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University teachers see freedom of expression at universities at risk

Reading Time: 3 minutes

  • University teachers find the opinion climate at German universities constricting and intolerant
  • Student protests block open debate and discussion
  • Academic oligarchs restrict right-wing views, support left-wing views

A survey involved 1106 interviews with professors and academic staff at the end of 2019. It was conducted by the Institut für Demoskopie Allensbach (Institute for the study of democracy, Allensbach municipality)

Almost a third of university lecturers stated that they felt constrained by formal or informal guidelines on political correctness. These restrictions are felt strongest in medical research, where 40 percent of doctors complain about it. But 36 percent of the humanities scholars also experience restrictions, especially in teaching.

De Welt (translated)

A planned visit by AfD (German nationalist party) politician Beatrix von Storch to the Free University of Berlin was cancelled following protests. Students – by no means the majority – had mobbed to prevent their participation.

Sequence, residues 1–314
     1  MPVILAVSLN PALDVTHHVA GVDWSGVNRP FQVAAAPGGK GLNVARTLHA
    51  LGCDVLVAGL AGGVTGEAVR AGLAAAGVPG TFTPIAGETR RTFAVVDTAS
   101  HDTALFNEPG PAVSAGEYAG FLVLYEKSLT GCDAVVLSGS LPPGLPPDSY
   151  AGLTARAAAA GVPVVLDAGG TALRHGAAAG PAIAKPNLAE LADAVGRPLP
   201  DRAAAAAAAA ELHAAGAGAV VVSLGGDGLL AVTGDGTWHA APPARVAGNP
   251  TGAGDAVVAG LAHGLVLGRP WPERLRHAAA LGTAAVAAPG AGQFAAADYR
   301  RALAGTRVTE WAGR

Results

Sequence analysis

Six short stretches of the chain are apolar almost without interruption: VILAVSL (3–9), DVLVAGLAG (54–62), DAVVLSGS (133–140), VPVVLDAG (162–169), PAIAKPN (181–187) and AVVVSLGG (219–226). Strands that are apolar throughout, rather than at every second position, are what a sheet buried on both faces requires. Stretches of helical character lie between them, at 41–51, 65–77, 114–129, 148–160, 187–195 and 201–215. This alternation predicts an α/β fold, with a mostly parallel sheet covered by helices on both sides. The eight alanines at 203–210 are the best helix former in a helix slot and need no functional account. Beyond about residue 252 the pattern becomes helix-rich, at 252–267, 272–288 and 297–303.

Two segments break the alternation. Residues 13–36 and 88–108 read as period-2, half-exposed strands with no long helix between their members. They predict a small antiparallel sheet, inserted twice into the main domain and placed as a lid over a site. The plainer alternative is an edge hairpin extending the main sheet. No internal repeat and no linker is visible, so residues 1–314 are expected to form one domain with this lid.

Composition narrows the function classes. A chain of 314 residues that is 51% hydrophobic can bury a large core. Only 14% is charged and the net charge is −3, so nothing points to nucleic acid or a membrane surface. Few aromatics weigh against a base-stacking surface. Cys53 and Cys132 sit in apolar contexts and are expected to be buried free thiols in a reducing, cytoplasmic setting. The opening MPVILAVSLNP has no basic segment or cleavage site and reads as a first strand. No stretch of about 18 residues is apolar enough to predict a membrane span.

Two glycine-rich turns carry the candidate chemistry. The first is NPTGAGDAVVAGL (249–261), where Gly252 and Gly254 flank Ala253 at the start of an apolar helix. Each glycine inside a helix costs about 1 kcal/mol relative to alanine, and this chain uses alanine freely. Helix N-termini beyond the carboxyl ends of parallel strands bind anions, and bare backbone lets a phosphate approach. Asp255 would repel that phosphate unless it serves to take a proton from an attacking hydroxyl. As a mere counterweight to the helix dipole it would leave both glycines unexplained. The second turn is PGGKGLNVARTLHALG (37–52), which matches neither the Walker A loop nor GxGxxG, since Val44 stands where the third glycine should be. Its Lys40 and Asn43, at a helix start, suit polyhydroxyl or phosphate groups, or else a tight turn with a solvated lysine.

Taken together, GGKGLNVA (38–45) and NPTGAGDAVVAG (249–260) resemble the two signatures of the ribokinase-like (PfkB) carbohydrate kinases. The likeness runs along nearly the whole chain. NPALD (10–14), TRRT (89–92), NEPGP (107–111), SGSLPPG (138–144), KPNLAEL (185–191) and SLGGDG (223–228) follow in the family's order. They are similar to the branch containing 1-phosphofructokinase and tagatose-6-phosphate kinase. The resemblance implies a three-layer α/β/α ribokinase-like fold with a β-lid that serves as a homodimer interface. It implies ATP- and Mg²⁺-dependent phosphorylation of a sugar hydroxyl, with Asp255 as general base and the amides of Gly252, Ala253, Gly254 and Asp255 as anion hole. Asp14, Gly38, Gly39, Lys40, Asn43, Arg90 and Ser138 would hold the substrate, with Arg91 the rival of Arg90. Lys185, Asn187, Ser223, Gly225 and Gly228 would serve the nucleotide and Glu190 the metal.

A climate of intolerant opinion at universities plays a major role, especially in political, religious and gender issues.

Around 79 percent of university lecturers believe they should be allowed to invite a right-wing populist to a panel discussion . However, 74 percent believe that they will encounter considerable resistance in the university – either from the students or the university management. Not so with the invitation of a left-wing populist, which 84 percent of university lecturers would approve and only 21 percent expect resistance.

De Welt (translated)

Noticeably, the proportion of lecturers who feel constrained by ‘political correctness’ is greater than the proportion who feel constrained by finance.

Interestingly, another (smaller) study claimed that 93 percent of surveyed academics thought there is a lot of freedom of science in Germany. This compared with 87 percent in the USA and 11 percent in China.

In a struggling economy in which half of immigrants still do not have a job after five years, Germany can ill-afford harmfully-indoctrinated students, never mind how diverse their education.

Companies in Germany are welcoming the spread of subjects available in German universities (in some areas a one-third increase in five years) but are concerned about the limiting moralisation that students can come out with. “For international commerce, ” says one CEO (paraphrased translation), “we need diversity of thought and ideas, not the constriction applied by modern academia”.

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